An infuriatingly repetitious volume, William Julius Wilson’s The Truly Disadvantaged: The Inner City, the Underclass, and Public Policy is, nevertheless, an important book for sociologists, advocates of civil rights, and those concerned about public policy and the plight of America’s “truly disadvantaged.” Wilson also provides an excellent survey of post-World War II social science theory relating to the nature of the “truly disadvantaged.”
The repetitiousness of the volume is a result of its awkward style. Each chapter describes in detail what the author intends to accomplish in the chapter. Wilson then proceeds, point by point. Finally, he concludes each chapter with a summary of what he has written thus far. Moreover, he discusses in subsequent chapters the findings of earlier chapters. The book would benefit from a judicious and thorough editing.
Still, it is not the style but the substance of The Truly Disadvantaged that is recommended. This volume is a sequel to Wilson’s The Declining Significance of Race: Blacks and Changing American Institutions, published in 1978. The latter publication was controversial because it addressed two much-disputed points: the improving condition of middle-class blacks and the deteriorating condition of the poor (especially urban blacks). The reception of The Declining Significance of Race focused on Wilson’s discussion of the first point (it was often critical) and generally ignored his treatment of poor blacks. With The Truly Disadvantaged, Wilson attempts to rectify the situation by providing a comprehensive analysis of the plight of the urban poor.
The preliminary to such an analysis is an understanding of what social scientists of the postwar period have been saying about the urban poor. According to Wilson, by the mid-1960’s, social scientists began to notice major changes in inner cities of the nation. The trends—including increases in poverty, joblessness, teenage pregnancy, illegitimate births, one-parent families, serious crime, and welfare dependency—reached catastrophic levels by the mid-1970’s and continued at such levels, the results of social disorganization and deterioration. Prior to the mid-1960’s, inner cities manifested some of these problems but clearly not at such intense levels. Patterns of social organization in the earlier period, such as a sense of community, neighborhood identification, established norms, and sanctions against improper behavior, all inhibited such behavior.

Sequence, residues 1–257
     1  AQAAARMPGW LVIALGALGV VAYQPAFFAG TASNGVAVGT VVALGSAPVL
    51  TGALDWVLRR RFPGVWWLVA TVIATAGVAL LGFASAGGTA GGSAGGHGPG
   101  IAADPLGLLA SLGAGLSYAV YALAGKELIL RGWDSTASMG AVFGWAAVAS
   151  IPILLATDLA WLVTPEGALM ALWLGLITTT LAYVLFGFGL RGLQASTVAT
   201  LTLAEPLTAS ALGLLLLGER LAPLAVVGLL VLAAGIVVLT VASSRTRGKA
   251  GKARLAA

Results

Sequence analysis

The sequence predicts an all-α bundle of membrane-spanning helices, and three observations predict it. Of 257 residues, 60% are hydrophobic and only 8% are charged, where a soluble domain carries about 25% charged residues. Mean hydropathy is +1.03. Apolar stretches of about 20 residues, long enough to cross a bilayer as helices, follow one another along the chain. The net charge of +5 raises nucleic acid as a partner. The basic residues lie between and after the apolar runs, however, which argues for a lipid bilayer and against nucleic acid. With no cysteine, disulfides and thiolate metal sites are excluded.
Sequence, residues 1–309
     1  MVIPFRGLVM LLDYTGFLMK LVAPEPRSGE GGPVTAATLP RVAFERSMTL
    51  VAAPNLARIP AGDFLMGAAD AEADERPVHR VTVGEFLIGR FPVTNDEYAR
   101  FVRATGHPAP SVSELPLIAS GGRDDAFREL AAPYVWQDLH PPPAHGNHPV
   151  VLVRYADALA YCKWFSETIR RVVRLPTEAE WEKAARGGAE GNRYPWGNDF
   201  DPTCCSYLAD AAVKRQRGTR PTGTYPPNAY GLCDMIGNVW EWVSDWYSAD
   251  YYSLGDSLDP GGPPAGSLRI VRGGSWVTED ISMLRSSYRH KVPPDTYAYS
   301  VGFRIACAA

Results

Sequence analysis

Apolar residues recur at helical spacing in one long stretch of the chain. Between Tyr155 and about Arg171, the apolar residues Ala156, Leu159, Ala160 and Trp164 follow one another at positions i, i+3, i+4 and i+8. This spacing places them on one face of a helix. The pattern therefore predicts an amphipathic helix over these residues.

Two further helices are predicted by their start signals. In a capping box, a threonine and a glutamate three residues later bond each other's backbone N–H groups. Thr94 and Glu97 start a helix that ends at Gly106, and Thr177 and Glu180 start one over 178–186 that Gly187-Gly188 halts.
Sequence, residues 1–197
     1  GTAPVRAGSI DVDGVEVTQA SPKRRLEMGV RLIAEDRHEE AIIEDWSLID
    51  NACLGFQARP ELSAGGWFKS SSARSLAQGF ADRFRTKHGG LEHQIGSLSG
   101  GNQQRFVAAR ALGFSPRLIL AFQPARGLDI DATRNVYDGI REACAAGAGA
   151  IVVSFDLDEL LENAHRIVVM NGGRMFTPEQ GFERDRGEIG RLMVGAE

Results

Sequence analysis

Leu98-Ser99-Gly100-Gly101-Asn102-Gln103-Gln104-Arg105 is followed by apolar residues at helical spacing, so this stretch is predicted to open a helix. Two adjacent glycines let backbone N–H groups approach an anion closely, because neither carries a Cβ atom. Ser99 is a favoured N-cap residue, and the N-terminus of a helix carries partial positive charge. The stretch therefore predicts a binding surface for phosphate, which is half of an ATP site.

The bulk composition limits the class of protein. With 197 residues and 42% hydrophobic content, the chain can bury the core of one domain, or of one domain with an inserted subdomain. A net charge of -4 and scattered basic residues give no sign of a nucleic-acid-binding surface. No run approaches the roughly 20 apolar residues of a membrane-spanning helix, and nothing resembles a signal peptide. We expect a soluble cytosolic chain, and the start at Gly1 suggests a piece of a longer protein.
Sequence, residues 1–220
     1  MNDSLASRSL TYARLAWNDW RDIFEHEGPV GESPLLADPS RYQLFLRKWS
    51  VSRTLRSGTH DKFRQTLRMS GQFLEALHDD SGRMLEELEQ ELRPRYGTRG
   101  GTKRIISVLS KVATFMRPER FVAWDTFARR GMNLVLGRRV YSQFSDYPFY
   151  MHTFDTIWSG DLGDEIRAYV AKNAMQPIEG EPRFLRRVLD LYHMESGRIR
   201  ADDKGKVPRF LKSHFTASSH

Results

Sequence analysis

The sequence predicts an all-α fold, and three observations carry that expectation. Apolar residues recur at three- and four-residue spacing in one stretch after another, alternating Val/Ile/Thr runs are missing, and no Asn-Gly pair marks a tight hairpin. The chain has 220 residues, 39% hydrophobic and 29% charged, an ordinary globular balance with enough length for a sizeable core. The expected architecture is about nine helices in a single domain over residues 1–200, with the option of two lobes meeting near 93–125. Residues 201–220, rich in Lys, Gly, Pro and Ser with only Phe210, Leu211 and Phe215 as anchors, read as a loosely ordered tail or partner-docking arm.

Liberal analysts, such as Kenneth Clark, author of Dark Ghetto: Dilemmas of Social Power (1965), recognized that racial isolation, discrimination, and unequal treatment contributed to “low aspirations, poor education, family instability, illegitimacy, unemployment, crime, drug addiction, and alcoholism, frequent illness and early death.” Liberal approaches to the study of black urban ghettos have refused to describe aberrant black behavior for fear of being racist or “blaming the victim,” refused to use a term such as “underclass” because it might be unflattering, ignored evidence that supports the idea of an “underclass,” and viewed the pathology of the ghetto as resulting entirely from racism. The famous report by Daniel Patrick Moynihan, “The Negro Family” (1965), by identifying behavior unflattering to blacks, raised a storm of criticism and inhibited liberal study of the urban black community until the 1980’s. Whereas liberals may have been reluctant to study this area, conservative scholars have focused on certain views reflecting their particular ideological orientation.
Wilson argues against the liberal view that racism is the sole cause of the catastrophic deterioration of the ghetto in recent years. According to him, the conservative argument is far more persuasive. Based on the view of Oscar Lewis in “The Culture of Poverty” (1968), conservatives have argued that welfare payments on which some ghetto residents have subsisted have created dependency. An underclass has developed which is welfare dependent and whose offspring are unmotivated and seek to avoid work. Living on a perpetual dole has corrupted ghetto residents who now lack character and must be rehabilitated. The conservatives have argued that modifications in the criminal justice system have contributed to an increase in inner-city crime. Affirmative action has been an advantage to qualified members of minority groups, but it has reduced the demand for those not well qualified. Finally, conservatives believe that welfare programs increased joblessness, illegitimate births, and other social problems of the ghettos. In other words, conservatives have attributed the deteriorating...